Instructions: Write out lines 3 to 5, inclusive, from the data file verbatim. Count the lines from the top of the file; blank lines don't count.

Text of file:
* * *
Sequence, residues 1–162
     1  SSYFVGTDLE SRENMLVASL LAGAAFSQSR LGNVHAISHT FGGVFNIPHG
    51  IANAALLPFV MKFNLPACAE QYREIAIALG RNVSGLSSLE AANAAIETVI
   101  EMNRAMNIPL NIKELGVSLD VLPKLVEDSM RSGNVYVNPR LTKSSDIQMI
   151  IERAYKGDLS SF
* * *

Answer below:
    51  IANAALLPFV MKFNLPACAE QYREIAIALG RNVSGLSSLE AANAAIETVI
   101  EMNRAMNIPL NIKELGVSLD VLPKLVEDSM RSGNVYVNPR LTKSSDIQMI
   151  IERAYKGDLS SF